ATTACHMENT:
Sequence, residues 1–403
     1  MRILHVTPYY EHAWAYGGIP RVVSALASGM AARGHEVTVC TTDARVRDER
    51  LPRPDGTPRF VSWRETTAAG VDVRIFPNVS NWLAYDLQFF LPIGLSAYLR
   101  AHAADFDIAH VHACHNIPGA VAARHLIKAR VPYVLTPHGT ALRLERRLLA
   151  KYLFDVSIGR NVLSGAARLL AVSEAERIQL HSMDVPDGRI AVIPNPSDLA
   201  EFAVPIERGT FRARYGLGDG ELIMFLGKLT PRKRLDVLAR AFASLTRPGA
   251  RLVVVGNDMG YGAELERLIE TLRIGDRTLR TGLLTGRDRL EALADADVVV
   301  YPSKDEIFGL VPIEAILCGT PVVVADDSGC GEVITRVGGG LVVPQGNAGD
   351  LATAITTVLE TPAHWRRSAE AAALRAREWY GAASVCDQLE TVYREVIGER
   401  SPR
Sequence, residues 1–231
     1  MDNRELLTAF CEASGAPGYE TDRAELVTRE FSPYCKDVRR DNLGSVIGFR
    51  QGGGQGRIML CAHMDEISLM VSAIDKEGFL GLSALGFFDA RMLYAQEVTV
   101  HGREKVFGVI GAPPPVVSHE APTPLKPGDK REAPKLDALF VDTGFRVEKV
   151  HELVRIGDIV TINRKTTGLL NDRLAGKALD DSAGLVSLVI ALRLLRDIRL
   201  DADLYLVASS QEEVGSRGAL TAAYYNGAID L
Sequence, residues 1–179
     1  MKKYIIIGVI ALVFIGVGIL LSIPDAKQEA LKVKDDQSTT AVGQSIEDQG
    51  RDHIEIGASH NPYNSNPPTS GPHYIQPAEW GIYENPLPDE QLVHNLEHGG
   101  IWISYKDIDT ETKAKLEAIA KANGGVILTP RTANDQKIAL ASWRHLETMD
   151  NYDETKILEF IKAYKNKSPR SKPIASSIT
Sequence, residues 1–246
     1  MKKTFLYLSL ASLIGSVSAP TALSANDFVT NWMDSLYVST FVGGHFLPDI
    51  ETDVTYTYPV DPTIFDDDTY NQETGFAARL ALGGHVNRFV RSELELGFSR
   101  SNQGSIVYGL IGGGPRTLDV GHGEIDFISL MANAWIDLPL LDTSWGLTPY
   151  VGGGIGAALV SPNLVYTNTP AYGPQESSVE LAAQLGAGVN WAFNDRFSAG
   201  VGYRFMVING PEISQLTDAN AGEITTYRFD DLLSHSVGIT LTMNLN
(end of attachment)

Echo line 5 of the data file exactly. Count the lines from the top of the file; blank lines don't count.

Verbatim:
   151  KYLFDVSIGR NVLSGAARLL AVSEAERIQL HSMDVPDGRI AVIPNPSDLA